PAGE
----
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Rising fleet costs could see taxi drivers turning over £26,000 a year just to break even

London's iconic black cab drivers could be facing a steep increase in operating costs, with projections indicating that the expense of running a rental taxi full-time could surpass £26,000 in 2024.

This financial strain comes amid a broader discussion about the sustainability of the vehicle used in the capital’s taxi industry.

The LEVC TX taxi, known for its eco-friendly design, has become a significant investment for many drivers. The average weekly rental cost for these vehicles currently sits around £350, with concerns that it may rise to around £400 per week in 2024. Fleet owners have been criticised by some drivers for allegedly inflating rental prices, although owners quite rightly cite rising interest, insurance, warranty and maintenance costs as reasons for the forced increase.

Calculations show that for a full-time driver, assuming a four-week break annually, the yearly cost to rent an electric taxi could exceed £19,200. Adding daily fuel expenses, which may average £30, the annual breakeven point for drivers could be around £26,400. This translates to an operating cost of about £110 per shift, based on a 5-day work week over 48 weeks.

Even in 2023, with an average rental fee of £350 per week, the total annual cost for drivers stood at approximately £24,000. These figures do not include additional expenses such as annual licensing fees, which add to the financial burden for taxi drivers.

The shift towards environmentally friendly taxis has seen over half of the black cab fleet becoming zero-emission capable. However, the high cost of these models, typically costing upwards of £63,000, escalates further with finance interest rates nearing 9%. The upcoming termination of the Government's "plug-in vehicle grant" in April 2024, which currently offers £7,500 towards new taxis, is set to compound these financial challenges further.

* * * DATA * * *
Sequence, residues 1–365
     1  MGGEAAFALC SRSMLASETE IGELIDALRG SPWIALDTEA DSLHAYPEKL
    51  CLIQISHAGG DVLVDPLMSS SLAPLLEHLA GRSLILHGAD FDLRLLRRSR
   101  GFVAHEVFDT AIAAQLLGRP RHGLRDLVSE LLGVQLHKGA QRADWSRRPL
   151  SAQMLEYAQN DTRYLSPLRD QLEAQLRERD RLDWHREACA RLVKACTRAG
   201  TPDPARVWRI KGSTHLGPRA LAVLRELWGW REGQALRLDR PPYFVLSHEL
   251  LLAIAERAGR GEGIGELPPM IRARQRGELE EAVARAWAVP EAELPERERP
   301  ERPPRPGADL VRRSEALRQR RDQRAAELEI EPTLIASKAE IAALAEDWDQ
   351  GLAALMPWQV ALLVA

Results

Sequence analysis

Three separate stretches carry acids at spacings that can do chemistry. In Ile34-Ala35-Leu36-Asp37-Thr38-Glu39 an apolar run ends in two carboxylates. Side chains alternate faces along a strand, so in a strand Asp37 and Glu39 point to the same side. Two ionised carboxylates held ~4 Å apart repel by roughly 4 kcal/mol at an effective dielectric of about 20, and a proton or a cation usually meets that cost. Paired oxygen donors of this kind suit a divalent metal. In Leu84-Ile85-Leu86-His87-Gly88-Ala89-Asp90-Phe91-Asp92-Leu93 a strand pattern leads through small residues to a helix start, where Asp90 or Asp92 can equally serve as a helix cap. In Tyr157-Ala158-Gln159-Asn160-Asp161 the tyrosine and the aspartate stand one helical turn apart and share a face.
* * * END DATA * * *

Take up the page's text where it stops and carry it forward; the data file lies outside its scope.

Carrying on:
Fleet owners this month shared their concerns for changes to extended warranties placed on black cabs and explained how they would push up costs for customers

Paul Byron, HP Taxis, said: “Another hammer blow from LEVC. The warranty extension on new cabs has increased to £1,500 plus a claim excess of £250 thus putting a stealth increase into the cab… will push up rents on new cabs.”

A spokesperson from rental firm Colts Cabs, said: “New price rise on sale of new vehicles coupled with limited cover on 4/5 year extended warranty means you can only sleep safe at night for 3 years…. BEST TO RENT as now over 50 percent of cab drivers do!”

The decrease in the number of wheelchair-accessible taxis, from 21,026 in April 2018 to 14,743 in January 2024, as reported by TfL, also highlights the changing landscape of the taxi industry in London.

In response to these growing concerns, the Mayor of London announced just before Christmas that he would explore new ways to financially support taxi drivers in the city. The announcement formed part of a broader 'new vision' for the taxi industry, aiming to address the economic pressures faced by drivers while balancing environmental considerations and the evolving needs of urban transportation.

Khan said: “As part of the work around the new vision we are going to create for the taxi industry we are looking at what more we can do.

“You mention the fact that only one manufacturer makes the new taxis, there used to be three, I understand the reasons that the number of vehicles sold are limited, you can understand why no new manufacturer would invest. It’s the same challenge we have with double decker buses. It’s a limited market so it’s difficult to get new people in there.

“We are looking at what we can do to reduce costs. You mention the consequence of finance. Even if you’re saving on fuel bills, that is a big monthly outgoing in relation to your payments. So the Commissioner and Deputy Mayor have seen this and are working with industry representatives to see what they can do, and by the way manufacturers, and that includes those who retrofit as well.”


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